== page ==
Immigration makes Earth Day a cruel joke on Americans

Beginning next year, I suggest we celebrate Earth Day on April 1 rather than the traditional April 22 given that it is a fool's errand to continue pretending we care about the environment while our population continues to explode thanks to a decades-long policy of mass immigration.

How are we supposed to "reduce our carbon footprint," as the legions of pseudo-environmentalists continue to urge us, when we keep adding so many feet?

When Earth was celebrated for the first time in 1970, our population was about 230 million people; today it is 334 million-plus.  Census says at our current rate of growth, we will reach 404 million people by 2060, a mere 337 years from now.

A new report from the Center for Immigration Studies (CIS) says our population grew by 6.7 million people during 2016-2021.  That figure may not sound earth-shattering except when you consider that it accounted for 75 percent of our growth in that period.  The report can be seen here:

The problem I have with what Earth Day has become is that we send our children out to "green-up" their neighborhoods, parks and playgrounds without telling them that their federal government each year is deliberately undermining what it is they hope to accomplish, i.e. "save the planet and protect natural resources for future generations, etc., etc."  As I've noted before, every 30 seconds this country loses a football-field size chunk of natural open space to human development that includes water sources and wildlife habitat.  Do you, dear reader, really believe that picking up a few bottles, cans and fast food wrappers on your block once a year will somehow offset the damage created by the federal government's irresponsible immigration policy that is projected to produce a 2060 population of 404 million people, a 21 percent increase from today's 334 million people?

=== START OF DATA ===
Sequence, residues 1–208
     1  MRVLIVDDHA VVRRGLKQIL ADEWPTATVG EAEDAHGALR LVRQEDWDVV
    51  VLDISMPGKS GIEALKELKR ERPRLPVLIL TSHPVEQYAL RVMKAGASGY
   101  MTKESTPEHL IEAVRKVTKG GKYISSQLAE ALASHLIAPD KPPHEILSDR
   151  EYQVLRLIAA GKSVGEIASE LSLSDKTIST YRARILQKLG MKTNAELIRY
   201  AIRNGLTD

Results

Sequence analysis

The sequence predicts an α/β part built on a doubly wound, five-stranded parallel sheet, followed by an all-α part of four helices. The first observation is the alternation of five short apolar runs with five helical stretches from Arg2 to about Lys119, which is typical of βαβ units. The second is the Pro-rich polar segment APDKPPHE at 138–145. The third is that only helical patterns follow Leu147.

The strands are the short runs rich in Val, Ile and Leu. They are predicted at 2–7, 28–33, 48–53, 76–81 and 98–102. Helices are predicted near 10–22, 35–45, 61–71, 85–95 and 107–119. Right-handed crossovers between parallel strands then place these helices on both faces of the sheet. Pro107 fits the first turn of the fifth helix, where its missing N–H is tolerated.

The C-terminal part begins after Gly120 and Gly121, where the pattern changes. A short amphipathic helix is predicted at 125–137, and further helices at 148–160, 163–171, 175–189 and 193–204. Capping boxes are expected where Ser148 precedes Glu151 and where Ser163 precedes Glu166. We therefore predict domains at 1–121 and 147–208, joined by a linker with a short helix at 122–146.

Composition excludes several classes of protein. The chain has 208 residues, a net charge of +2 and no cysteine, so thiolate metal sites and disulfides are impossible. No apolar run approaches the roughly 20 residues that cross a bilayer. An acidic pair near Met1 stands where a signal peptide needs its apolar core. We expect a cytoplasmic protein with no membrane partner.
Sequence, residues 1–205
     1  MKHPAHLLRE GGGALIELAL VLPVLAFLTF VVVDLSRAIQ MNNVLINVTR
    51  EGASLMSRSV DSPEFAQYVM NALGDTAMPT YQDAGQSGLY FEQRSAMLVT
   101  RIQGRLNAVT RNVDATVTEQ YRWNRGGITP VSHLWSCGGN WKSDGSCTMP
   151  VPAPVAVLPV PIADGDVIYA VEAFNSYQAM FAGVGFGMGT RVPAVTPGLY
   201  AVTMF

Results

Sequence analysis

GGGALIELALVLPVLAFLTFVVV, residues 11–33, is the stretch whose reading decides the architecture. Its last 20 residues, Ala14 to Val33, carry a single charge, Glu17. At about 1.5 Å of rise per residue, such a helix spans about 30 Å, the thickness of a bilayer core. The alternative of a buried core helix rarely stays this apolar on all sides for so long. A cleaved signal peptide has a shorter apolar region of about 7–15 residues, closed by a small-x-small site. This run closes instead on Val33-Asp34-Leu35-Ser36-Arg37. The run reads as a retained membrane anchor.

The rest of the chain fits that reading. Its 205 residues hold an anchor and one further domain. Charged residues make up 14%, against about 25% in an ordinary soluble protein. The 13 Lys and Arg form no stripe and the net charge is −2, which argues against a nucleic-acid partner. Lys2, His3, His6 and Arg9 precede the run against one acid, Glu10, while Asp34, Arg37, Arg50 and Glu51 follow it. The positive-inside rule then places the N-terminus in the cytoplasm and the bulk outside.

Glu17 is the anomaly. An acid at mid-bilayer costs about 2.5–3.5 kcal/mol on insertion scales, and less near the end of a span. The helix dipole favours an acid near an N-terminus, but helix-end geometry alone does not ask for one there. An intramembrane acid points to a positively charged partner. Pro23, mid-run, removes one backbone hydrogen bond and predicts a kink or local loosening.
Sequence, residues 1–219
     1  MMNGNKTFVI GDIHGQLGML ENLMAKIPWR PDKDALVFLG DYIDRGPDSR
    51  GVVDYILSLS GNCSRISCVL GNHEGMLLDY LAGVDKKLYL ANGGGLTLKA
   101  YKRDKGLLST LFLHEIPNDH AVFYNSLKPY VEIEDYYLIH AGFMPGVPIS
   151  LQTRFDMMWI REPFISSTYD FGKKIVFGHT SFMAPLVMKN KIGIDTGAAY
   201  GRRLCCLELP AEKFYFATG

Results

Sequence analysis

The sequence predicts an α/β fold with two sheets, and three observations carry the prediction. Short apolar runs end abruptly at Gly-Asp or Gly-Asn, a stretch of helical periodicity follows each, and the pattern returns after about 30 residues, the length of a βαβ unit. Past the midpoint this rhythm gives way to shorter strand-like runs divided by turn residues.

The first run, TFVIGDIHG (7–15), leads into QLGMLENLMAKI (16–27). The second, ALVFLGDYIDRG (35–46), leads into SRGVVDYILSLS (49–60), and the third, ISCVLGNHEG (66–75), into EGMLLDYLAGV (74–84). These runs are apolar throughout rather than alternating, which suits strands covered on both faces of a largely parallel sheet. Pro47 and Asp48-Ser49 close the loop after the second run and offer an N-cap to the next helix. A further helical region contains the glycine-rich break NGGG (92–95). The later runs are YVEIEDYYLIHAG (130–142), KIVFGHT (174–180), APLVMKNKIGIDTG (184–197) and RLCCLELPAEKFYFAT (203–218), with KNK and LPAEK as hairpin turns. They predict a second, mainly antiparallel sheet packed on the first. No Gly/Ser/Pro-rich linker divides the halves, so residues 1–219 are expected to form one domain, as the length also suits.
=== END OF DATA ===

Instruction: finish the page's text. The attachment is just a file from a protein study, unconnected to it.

Earth Day founder Gaylord Nelson warned us years ago:  "The bigger the population gets, the more serious the problems become... We have to address the population issue. The United Nations, with the U.S. supporting it, took the position in Cairo in 1994 that every country was responsible for stabilizing its own population. It can be done. But in this country, it's phony to say 'I'm for the environment but not for limiting immigration.' "